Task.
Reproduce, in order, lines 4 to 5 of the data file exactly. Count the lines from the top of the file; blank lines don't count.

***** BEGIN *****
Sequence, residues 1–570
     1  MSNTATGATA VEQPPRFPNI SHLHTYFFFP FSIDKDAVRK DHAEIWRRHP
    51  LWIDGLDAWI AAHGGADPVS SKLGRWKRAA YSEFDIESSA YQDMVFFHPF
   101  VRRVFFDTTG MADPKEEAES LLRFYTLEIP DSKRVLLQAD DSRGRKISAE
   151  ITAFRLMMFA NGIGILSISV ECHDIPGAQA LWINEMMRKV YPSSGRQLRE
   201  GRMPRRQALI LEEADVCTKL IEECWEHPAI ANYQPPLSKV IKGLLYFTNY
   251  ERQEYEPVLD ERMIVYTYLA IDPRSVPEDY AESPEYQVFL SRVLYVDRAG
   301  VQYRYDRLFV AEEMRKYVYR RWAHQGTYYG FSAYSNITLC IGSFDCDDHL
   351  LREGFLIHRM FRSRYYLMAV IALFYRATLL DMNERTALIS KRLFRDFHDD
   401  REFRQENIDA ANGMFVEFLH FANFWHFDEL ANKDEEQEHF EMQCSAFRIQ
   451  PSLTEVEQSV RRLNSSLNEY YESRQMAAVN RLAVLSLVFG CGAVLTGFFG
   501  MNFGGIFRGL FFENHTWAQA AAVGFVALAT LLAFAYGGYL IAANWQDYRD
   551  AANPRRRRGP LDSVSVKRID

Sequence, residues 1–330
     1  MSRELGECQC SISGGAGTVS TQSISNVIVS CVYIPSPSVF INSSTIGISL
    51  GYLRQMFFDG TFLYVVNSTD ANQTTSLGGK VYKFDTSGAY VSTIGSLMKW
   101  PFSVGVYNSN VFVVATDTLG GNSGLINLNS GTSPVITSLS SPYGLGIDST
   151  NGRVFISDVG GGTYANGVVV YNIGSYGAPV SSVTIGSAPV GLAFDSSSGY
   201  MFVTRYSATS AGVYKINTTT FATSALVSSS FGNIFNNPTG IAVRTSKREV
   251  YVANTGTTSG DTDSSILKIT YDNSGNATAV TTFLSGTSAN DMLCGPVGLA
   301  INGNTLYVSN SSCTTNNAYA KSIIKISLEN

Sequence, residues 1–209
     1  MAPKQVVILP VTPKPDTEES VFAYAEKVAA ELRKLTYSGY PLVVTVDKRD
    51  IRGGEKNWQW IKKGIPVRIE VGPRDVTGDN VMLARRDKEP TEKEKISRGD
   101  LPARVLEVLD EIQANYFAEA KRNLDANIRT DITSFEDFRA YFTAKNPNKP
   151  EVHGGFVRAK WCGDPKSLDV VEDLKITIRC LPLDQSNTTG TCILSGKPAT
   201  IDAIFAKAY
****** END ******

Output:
   101  VRRVFFDTTG MADPKEEAES LLRFYTLEIP DSKRVLLQAD DSRGRKISAE
   151  ITAFRLMMFA NGIGILSISV ECHDIPGAQA LWINEMMRKV YPSSGRQLRE